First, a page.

Dad holding a certificate announcing his retirement.

On Friday, my Dad woke up at 4 a.m. to go to work for the last time.

He’s retired.

His time is now his own (well, his and my mother’s.)  This seems impossible to me, as my dad has planned his life around his duty to his employer since before I was born.

My dad has always worked hard.  He got his start at Children’s Palace when he was a teenager.  Long defunct, Children’s Palace was a retail chain that sold toys.  He followed the post office’s motto—neither snow nor rain nor heat nor gloom of night would stop him from showing up for a shift.

One morning he woke to find several feet of snow on the ground.  Shutting off the alarm and going back to bed never crossed his mind—he had a shift.  He couldn’t drive on the unplowed roads, so he started walking.

Though someone eventually picked him up, he intended to walk the ten miles to Children’s Palace if he had to.

I have no doubt he would have.

He was one of only a handful of employees who’d showed up, and there were certainly no customers.  They tossed around a football in the parking lot.

He spent the bulk of his adult life working in a factory that made automobile windshields.  Because the glass-making furnace took days to reheat after being shut down, the place ran twenty-four hours a day, every day of the year.

Every day meant every day.

Saturdays.  Sundays.  New Year’s Day.  Thanksgiving.  Christmas Day.

My dad worked every hour of the day—the morning shift, the swing shift, the midnight shift.  He worked on a rotation, changing shifts after a week so that he could never really get into a dedicated sleep schedule.  He worked many twelve hour shifts.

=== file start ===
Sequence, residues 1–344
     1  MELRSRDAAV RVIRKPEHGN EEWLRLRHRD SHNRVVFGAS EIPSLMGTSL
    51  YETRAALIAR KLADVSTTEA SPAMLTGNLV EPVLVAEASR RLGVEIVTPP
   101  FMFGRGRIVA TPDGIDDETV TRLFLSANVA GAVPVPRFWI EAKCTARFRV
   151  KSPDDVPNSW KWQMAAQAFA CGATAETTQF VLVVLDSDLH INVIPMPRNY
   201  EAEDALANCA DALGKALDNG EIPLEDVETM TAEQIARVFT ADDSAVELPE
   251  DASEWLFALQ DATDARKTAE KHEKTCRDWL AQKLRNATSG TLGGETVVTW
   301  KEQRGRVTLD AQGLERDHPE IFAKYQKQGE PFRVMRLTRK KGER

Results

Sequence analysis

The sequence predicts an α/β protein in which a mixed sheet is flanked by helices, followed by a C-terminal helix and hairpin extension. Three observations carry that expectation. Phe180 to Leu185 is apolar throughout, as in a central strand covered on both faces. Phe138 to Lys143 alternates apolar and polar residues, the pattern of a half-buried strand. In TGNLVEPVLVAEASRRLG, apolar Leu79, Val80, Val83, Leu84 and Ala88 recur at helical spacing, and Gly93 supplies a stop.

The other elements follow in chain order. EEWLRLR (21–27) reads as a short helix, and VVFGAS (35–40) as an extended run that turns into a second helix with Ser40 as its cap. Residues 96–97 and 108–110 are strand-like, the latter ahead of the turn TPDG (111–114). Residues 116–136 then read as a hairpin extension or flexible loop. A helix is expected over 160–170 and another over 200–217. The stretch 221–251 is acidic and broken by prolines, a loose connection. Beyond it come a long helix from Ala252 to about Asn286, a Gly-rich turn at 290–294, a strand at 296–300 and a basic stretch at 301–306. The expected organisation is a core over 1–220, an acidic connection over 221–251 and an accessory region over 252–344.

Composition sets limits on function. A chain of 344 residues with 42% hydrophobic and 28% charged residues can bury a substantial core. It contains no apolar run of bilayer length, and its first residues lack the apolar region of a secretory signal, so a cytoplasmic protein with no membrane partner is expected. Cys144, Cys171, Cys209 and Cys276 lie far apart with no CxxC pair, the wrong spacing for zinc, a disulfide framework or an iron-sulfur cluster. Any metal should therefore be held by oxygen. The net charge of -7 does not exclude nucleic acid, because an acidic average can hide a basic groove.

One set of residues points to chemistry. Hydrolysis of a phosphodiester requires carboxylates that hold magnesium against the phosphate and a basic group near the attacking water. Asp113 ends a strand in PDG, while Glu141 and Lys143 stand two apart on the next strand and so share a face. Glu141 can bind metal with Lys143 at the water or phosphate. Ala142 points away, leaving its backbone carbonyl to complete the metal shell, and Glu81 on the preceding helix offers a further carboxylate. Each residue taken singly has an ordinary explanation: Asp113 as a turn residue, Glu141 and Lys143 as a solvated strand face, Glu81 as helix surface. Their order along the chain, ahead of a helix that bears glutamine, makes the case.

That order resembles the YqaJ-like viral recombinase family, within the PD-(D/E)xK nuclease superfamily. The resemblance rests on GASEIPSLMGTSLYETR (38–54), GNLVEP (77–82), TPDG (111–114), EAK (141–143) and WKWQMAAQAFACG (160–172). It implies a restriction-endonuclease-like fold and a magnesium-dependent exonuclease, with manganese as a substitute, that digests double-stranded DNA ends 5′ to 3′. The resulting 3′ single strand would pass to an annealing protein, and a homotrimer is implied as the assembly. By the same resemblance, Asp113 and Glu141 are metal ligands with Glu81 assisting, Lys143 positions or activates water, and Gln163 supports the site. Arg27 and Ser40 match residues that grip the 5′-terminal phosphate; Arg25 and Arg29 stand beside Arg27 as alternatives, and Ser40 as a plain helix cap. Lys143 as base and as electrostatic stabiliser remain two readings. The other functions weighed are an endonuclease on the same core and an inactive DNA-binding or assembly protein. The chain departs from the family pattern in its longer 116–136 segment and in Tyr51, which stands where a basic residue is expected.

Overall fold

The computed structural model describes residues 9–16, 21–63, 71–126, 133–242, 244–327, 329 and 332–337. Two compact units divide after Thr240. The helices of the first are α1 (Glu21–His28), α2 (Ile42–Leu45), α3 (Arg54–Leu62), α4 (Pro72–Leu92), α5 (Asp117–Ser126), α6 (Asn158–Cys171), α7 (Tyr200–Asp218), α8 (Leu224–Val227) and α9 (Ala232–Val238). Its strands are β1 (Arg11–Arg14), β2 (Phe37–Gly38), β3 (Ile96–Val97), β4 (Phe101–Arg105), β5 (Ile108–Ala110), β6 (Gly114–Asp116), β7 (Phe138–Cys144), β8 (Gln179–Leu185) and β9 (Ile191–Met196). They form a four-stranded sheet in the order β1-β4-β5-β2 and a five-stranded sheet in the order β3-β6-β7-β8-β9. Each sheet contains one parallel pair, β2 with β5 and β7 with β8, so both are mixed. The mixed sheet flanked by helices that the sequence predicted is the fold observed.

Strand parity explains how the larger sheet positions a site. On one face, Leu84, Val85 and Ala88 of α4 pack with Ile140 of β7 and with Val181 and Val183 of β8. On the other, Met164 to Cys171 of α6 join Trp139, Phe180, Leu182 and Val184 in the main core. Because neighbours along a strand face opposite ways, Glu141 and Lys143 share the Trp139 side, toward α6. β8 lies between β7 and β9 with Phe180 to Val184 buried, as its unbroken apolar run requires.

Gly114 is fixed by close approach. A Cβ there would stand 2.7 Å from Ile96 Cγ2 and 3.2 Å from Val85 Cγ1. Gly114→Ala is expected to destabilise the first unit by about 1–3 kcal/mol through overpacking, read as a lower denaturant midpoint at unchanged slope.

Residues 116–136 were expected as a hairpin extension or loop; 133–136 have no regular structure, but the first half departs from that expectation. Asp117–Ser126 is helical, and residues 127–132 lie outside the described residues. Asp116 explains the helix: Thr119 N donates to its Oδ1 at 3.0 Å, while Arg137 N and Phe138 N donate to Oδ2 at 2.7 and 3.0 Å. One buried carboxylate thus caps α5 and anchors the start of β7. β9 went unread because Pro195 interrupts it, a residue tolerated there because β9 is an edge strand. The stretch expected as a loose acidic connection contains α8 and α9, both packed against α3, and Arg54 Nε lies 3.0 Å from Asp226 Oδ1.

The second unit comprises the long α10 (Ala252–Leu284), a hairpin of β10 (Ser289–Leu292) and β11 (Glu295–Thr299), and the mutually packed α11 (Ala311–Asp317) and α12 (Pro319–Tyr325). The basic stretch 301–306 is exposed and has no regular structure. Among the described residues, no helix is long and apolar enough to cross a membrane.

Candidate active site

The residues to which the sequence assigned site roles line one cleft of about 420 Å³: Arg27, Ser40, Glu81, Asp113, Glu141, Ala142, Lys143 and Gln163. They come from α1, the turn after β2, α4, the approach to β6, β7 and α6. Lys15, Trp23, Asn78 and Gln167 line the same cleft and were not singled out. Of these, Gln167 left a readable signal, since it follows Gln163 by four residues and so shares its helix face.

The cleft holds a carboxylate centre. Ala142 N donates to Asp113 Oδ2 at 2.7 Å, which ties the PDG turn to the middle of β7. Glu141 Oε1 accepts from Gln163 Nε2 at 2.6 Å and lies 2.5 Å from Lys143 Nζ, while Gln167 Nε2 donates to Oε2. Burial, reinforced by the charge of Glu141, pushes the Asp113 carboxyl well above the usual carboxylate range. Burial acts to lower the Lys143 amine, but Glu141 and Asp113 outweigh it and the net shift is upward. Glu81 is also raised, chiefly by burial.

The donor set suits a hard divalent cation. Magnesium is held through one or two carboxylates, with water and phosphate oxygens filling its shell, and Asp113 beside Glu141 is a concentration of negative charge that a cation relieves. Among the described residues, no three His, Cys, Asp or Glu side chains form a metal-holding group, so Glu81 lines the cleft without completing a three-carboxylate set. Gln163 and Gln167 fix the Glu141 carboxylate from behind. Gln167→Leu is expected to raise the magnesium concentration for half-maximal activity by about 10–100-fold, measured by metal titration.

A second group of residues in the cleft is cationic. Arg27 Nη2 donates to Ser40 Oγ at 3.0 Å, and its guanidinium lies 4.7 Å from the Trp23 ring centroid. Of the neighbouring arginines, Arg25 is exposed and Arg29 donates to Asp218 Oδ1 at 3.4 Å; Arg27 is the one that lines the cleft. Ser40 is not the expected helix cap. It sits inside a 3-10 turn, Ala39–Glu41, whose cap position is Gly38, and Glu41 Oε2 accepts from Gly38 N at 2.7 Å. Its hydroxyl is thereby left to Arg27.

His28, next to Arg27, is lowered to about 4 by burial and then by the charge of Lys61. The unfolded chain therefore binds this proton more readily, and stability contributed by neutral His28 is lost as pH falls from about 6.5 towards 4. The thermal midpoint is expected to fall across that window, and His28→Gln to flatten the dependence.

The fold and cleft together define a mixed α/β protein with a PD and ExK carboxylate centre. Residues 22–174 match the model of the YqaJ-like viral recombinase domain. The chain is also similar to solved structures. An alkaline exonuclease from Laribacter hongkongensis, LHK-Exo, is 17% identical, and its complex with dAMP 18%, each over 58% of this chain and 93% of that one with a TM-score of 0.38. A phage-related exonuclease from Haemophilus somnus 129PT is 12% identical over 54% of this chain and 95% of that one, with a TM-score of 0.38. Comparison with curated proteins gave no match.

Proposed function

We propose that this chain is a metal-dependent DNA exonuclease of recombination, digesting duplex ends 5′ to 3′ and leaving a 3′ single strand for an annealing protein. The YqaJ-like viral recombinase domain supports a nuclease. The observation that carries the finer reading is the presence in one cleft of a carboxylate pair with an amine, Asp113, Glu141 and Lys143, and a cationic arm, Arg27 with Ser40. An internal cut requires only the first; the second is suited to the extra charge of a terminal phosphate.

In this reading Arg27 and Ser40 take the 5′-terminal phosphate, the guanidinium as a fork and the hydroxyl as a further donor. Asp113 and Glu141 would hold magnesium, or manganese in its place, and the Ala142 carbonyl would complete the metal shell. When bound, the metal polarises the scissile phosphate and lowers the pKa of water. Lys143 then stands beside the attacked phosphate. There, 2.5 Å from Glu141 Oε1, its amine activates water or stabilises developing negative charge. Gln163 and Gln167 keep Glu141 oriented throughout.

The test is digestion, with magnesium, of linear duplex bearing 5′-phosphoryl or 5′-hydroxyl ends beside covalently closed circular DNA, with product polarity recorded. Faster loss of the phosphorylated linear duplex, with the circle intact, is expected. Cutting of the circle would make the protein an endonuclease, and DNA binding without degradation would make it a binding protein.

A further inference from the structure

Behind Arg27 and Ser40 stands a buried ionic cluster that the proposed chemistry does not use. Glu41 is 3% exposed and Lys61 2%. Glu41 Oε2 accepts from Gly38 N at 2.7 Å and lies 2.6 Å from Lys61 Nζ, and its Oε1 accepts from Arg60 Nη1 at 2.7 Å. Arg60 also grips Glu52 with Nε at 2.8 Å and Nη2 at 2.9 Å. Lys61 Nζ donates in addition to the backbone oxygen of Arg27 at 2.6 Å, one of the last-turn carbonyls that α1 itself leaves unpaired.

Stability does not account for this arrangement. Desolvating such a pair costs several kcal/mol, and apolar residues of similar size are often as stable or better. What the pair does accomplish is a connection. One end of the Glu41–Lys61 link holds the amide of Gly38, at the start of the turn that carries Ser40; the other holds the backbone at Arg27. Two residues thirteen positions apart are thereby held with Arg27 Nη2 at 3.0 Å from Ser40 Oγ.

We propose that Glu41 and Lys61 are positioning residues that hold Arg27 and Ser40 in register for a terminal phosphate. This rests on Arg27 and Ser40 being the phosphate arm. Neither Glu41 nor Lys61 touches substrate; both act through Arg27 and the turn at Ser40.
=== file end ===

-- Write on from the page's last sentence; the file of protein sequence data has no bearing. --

And when he finally got a day off, if someone else was sick or called off, he’d have to go back in.

The glass furnace never slept.  My mother made sure he did.

He wanted to forgo daytime sleep and run on caffeine and the boundless energy he still possesses.  But I forever remember her browbeating him into bed, even though she’d rather have him up with her as well.  She enforced quiet while he slept—no friends over, no screaming while running around in the backyard.

He made his sacrifices, and she did as well.

He drove 25 miles each way to work, and some days it took almost an hour. 

He was never late.  If there was a snowstorm, he left early.  If there was a blizzard—like the Pittsburgh blizzard of 1993—he left earlier.  He made it there in a Geo metro with a 3-cylinder, 1.0 liter engine.

The company gave him a special award for making it to work that day.

He had no great passion for his work—he saw each shift as a promise, and he is a man of his word.  He showed up, he did both the job on the job description, and anything else he could find to make himself useful.

I had no idea as a kid that this might be a difficult way to live.  I didn’t know because he never complained.

It wasn’t until I became an adult—with the luxury of weekends and holidays off, every night for sleeping, and the ability to take a sick or work-from-home day on a whim, did I realize how he grinded all those years.

They’re calling for snow tonight and into Monday.  Eleven inches, maybe more.  Weather that’ll close down the city, but wouldn’t have closed down my dad.

And for the first time since his days at Children’s Palace, he won’t have to suit up and take it on.

He can sleep through it or, knowing him, he’ll build a snowman.

But finally, he’ll have the choice.